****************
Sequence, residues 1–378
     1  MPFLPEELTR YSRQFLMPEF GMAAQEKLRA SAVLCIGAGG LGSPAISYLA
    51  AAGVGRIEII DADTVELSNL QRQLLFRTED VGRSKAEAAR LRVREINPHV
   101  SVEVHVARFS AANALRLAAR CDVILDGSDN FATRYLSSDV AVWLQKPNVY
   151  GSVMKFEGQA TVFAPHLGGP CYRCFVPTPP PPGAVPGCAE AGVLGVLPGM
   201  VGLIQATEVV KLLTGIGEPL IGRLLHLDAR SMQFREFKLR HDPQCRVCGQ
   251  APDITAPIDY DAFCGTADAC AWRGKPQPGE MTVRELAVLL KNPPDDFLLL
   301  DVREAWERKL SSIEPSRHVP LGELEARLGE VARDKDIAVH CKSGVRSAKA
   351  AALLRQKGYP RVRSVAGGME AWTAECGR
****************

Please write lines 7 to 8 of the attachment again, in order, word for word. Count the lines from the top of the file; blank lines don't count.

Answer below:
   251  APDITAPIDY DAFCGTADAC AWRGKPQPGE MTVRELAVLL KNPPDDFLLL
   301  DVREAWERKL SSIEPSRHVP LGELEARLGE VARDKDIAVH CKSGVRSAKA